letting go

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Mom and Dad returned home after a lovely visit built on lasting memories. It was early January 2005 and I was awaiting results from mom’s tests. She had already shared the results from a pet scan, results that showed some activity in her lungs. We were in a holding pattern as her doctor had ordered more tests, a cat scan and some blood work. Here I was again, two potential life transitions taking shape at the same time, one I was definitely not ready for. As my breathing shortened and the muscles in my neck tightened, I braced for what I knew in my heart was not going to be good news from the second round of tests.

At the same time, I was facing a transition to a new role, in a new state. Before that was possible, I first needed to negotiate and secure agreement from my former husband to let me move with my children.  As I processed these experiences unfolding one right after the other, I reflected for a moment on how I was doing. In this moment, I was actually feeling a little stronger, a little less like the sky was falling. After surviving the events of the previous eighteen months combined with the continued expansion of my heart, I realized now that maybe I was strong enough to handle more.

I thought about this new role that had been created seemingly out of nowhere and realized that something about it gave me energy, made my heart sing. When I checked in with my lawyer on the likelihood of securing court approval to move with my children, he informed me that the Colorado Supreme Court had blocked two similar cases, even situations where the mom was the primary provider for the children. His recommendation was to convince my former husband directly, bypass the court system, and figure out something that mattered more to him to make this work. Wow. My lawyer really thought I was capable of negotiating an agreement with a man who had chosen opposite sides from me of any topic related to the children since our divorce a year ago. Not so much I thought. That type of agreement was legal and binding and seemed like quite an insurmountable task, definitely not in my direct control. I paused and closed my eyes, asking for answers. I knew my best chance for agreement was to focus on following the job process that was unfolding in front of me, let go, and rely more on my faith that this situation would work out, in the best way for all of us. Maybe my stubbornness and strong will was learning to listen a little more, take a back seat,  let my heart lead, and be comfortable expanding my edges beyond what I knew possible.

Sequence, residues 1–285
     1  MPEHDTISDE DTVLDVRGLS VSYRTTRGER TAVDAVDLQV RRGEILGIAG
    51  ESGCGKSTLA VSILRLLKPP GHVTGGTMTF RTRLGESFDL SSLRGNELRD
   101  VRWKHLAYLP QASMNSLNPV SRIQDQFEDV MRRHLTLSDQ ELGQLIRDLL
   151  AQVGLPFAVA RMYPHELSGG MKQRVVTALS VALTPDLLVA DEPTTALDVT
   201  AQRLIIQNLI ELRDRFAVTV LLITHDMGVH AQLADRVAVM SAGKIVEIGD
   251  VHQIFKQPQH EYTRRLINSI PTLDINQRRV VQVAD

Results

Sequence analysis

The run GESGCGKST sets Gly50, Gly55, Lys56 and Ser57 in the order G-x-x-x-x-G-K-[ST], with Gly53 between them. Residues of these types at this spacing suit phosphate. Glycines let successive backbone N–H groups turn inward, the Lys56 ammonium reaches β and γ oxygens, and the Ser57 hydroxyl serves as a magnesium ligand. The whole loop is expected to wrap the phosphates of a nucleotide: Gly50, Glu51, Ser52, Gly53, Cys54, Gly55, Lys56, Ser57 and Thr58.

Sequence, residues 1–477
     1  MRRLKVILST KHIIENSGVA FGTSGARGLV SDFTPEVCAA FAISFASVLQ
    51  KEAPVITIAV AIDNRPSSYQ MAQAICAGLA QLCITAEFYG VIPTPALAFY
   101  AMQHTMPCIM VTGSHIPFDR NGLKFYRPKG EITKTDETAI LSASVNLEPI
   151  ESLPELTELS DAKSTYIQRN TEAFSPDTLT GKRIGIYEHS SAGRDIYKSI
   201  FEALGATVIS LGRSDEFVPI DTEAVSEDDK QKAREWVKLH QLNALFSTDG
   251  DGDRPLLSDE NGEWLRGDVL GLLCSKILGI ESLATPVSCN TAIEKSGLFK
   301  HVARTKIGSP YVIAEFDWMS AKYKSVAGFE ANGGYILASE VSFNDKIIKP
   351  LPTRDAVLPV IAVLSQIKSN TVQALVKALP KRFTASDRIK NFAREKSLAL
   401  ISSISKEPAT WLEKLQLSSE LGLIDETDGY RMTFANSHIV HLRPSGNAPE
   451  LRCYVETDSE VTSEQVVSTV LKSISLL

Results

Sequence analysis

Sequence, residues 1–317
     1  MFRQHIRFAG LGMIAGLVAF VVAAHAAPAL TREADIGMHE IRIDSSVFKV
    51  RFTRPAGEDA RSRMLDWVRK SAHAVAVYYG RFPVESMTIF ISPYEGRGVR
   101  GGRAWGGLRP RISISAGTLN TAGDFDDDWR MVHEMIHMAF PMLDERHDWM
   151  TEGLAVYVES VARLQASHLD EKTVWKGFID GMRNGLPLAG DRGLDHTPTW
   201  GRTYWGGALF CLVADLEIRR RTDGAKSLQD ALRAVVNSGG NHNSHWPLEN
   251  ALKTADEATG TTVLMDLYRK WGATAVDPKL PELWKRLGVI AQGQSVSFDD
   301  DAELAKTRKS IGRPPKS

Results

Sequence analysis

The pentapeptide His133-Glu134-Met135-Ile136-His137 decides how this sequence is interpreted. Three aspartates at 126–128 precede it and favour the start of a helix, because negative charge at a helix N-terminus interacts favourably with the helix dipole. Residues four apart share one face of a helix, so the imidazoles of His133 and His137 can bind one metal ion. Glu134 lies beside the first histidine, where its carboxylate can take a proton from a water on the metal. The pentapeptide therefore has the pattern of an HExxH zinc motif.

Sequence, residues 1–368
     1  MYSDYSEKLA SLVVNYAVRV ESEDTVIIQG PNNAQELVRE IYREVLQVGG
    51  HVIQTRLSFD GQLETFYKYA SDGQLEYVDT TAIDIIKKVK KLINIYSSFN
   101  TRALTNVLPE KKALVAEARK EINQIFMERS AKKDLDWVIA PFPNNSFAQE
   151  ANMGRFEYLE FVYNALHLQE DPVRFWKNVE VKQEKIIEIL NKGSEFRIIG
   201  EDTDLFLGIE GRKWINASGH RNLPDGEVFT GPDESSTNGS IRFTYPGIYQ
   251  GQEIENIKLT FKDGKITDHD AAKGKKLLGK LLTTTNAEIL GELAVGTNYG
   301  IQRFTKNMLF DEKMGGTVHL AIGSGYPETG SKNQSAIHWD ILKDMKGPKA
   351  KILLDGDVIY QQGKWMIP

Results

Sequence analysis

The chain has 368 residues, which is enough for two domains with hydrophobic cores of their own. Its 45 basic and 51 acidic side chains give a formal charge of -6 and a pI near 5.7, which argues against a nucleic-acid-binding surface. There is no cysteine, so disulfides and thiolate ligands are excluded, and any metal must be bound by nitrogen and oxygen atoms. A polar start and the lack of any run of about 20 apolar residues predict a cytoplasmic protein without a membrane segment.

I was not really looking for a chance to change jobs at this point. My current role was increasingly requiring that I travel more, work more in California at the company headquarters. Traveling often was something I was not able to manage very well. At least not while giving my children love and support they needed and a strong foundation to heal from, with me around. While the role I had been in for almost a year had afforded me the grace of space and time to heal, I was learning to adjust to my new way of life. I was mastering the balancing act of competing demands and juggling my many roles – as a mom, sister, friend, marketing director, house cleaner. In the meantime, my mind increasingly felt like it had fallen asleep.

I was not feeling intellectually challenged in my current job and my creativity seemed stifled. My passion had faded and taken a back seat to day in and day out responsibility. My life was kind of leading me I guess. I had somewhat accepted that as my norm and was not so sure that anything needed to be different.  And as I considered this new opportunity that had fallen into my lap, my heart was jumping for joy and guiding me to let go, let something bigger than me reveal the path, if I would just get out of the way and let God lead. My part was taking the action I needed to and becoming clear on what was important to me. My priorities seemed so very simple at this point in my life- what was becoming more important was to be present in each moment and passionate about what I was doing, how I was feeling, versus achieving some feat or conquering the world.

My thoughts shifted back to mom as she awaited more results. My earlier feeling that mom was not long for this world all of a sudden resurfaced from the box I had tucked it away in so neatly. The box was shattered wide open as I listened to her share the news. There were nodules in her left lung that required a biopsy the following week, she said. I could hear the fear in her voice as it cracked when she read the report to me. It didn’t look like cancer on one report but did on another, she said. What did that mean, I wondered, how is it they couldn’t tell? I could feel that mom was in shock and didn’t want to talk anymore. I hung up and imagined wrapping my arms and love around her, prayed that God would fill her with grace. On one level, I had been preparing for this day, on another, I was in complete denial. My heart knew I had to let go and honor mom’s journey as it unfolded, that I had no control and couldn’t change the outcome. In that moment, I was grateful that mom was still seeing her oncologist in Houston who had guided her so successfully through her breast cancer and recommended the surgeon who had operated on her a year before. When mom had returned from our visit a few weeks earlier, Dr. Smith had recommended the tests and now the reason for mom’s pain was being revealed, one test result at a time.


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